Thousands of Russian spies in US: Ex-CIA agent

Thousands of Russian spies in US: Ex-CIA agent New York: There are thousands of Russian secret agents currently living in the United States, claims a former double agent who worked for the CIA.

"I would say there are a few thousand here," said Boris Korczak, a former double agent who was spying on the KGB from 1973-1980.

"Out of 1,000 spies, one or two will perform, will get access to our nuclear secrets," he was quoted as saying by the the New York Post.

Last week, 10 people were accused of being Russian spies, which sparked memories of the decade long cold war between the US and Soviet Union.

"The current atmosphere in the US is that we're having a love affair with Russia, that the Cold War is over," said Eugene Poteat, a retired senior CIA operative who served from 1960-1990.

"But there are more Russian spies here now than during the Cold War."

Out of 10 accused, one young woman Anna Chapman (real name: Anya Kuschenko) has got a lot of television attention by the press for being something out of a movie plot.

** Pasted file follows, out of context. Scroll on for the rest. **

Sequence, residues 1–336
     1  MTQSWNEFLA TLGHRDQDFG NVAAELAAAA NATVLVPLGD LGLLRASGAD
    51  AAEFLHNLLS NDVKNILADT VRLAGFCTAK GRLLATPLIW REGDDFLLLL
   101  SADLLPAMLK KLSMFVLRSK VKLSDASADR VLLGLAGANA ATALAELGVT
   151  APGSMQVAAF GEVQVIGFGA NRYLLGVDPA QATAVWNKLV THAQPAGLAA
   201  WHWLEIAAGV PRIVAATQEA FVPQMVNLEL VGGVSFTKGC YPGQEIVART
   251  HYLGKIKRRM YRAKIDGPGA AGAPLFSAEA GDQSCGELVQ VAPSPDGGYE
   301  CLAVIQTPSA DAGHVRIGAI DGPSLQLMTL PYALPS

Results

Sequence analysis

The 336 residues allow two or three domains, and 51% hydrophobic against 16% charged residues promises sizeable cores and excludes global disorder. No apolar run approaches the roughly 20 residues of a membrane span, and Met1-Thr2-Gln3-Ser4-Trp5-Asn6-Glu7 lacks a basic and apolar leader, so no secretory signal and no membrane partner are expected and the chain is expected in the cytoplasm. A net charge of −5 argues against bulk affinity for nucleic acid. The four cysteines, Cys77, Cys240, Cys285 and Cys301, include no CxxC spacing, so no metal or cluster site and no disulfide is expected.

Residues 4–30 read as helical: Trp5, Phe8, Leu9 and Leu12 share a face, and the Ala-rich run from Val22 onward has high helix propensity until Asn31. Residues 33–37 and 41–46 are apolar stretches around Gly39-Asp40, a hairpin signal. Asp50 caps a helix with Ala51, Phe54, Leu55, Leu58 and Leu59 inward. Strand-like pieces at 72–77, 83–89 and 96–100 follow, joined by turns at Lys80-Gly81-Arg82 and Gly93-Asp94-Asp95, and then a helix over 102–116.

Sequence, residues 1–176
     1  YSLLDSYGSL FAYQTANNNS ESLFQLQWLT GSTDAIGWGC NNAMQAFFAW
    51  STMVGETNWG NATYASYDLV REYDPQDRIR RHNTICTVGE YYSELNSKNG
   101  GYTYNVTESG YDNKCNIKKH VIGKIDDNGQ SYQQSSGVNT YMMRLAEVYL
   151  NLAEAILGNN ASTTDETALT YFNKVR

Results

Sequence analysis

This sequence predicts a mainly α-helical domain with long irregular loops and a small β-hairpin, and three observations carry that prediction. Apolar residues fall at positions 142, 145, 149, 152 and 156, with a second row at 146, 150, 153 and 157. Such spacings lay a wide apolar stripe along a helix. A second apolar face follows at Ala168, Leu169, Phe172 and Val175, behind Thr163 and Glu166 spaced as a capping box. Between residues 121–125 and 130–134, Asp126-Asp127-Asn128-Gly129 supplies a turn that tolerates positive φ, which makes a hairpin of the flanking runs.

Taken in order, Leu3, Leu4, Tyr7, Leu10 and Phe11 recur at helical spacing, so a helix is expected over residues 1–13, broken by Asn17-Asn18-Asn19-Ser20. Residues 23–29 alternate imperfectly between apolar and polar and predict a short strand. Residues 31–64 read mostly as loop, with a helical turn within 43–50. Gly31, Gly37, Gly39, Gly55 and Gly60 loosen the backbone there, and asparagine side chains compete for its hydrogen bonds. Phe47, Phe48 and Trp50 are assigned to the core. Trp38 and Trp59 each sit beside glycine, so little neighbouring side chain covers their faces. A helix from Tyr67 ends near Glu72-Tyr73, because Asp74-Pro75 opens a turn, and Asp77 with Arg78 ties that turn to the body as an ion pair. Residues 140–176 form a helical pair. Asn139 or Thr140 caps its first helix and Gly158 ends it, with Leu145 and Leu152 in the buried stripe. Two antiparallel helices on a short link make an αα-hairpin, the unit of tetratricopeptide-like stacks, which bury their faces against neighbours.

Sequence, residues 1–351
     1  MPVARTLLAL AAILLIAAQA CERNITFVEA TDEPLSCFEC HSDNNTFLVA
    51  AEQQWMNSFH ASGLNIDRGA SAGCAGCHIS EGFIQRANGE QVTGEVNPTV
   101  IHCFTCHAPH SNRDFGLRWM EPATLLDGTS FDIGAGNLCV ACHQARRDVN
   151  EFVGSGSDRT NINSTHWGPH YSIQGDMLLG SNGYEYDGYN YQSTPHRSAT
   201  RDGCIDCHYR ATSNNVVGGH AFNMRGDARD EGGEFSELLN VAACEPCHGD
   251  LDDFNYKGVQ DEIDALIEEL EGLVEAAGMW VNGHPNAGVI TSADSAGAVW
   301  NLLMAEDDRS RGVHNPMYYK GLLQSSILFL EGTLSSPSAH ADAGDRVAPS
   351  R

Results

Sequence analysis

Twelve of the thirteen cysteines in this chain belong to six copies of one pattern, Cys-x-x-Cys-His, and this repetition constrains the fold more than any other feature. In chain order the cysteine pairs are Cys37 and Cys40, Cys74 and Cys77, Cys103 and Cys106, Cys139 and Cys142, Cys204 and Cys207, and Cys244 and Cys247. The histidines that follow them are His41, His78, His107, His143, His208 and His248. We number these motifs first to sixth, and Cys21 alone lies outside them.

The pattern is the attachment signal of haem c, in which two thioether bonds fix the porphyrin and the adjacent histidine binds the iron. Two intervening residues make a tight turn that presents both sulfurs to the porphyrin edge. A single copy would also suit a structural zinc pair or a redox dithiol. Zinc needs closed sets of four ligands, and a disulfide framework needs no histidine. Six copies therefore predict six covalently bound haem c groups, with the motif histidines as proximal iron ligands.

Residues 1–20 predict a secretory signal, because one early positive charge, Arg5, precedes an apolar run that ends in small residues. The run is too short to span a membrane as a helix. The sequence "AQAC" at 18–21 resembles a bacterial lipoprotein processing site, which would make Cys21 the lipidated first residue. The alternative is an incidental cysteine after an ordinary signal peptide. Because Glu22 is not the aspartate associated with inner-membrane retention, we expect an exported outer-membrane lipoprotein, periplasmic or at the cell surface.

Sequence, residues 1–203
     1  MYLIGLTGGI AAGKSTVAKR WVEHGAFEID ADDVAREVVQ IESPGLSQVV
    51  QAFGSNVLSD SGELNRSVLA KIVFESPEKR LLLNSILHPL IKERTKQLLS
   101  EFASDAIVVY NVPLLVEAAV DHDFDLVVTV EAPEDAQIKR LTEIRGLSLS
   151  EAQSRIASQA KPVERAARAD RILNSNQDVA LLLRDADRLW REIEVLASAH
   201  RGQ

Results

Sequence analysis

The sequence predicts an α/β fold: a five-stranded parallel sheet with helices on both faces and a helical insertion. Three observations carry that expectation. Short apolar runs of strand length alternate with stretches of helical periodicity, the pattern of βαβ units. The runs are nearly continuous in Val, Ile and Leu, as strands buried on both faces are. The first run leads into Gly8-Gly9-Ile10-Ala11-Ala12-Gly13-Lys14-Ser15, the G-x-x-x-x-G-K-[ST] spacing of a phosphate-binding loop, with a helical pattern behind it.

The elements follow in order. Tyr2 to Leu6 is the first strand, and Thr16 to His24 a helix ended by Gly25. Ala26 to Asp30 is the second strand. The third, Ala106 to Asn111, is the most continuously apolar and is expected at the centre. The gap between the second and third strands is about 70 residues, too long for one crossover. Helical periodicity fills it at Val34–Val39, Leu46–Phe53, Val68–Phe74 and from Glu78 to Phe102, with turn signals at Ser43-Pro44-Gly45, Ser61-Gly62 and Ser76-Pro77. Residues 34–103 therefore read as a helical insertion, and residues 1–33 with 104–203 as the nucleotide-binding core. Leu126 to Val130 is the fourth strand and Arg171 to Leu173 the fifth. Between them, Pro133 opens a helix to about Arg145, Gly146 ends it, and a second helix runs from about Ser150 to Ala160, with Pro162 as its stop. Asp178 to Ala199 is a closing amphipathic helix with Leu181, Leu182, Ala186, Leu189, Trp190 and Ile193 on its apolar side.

The 28-year-old with fiery red hair, which she dyed every week, spent a great deal of time cracking the circles of the political and business elite in New York City.

In photographs broadcast on American television, Chapman is seeing designer clothes and reportedly hit the elite bars of Manhattan.

The Post report suggests that the SVR, which is the successor of the KGB, trains young women in the art of seduction and Chapman may have been the product of such training.

During the Cold War, "the Soviet Union had a number of schools that trained beautiful women how to lure and satisfy powerful and rich American men sexually and intellectually," said Korczak.

"They're called 'worm-on-a-hook' agents." Chapman, who is being held in a federal prison is reportedly scared of being deported and has contacted her father Vasily Kuschenko who is suspected of being a former KGB agent himself.

"She spoke to her father, and her father said, 'Go turn the passport in,'" Richard Baum, her lawyer said. "Her father said, 'You've got this passport. It's forged. Go turn it into the police,' and that's exactly what she did."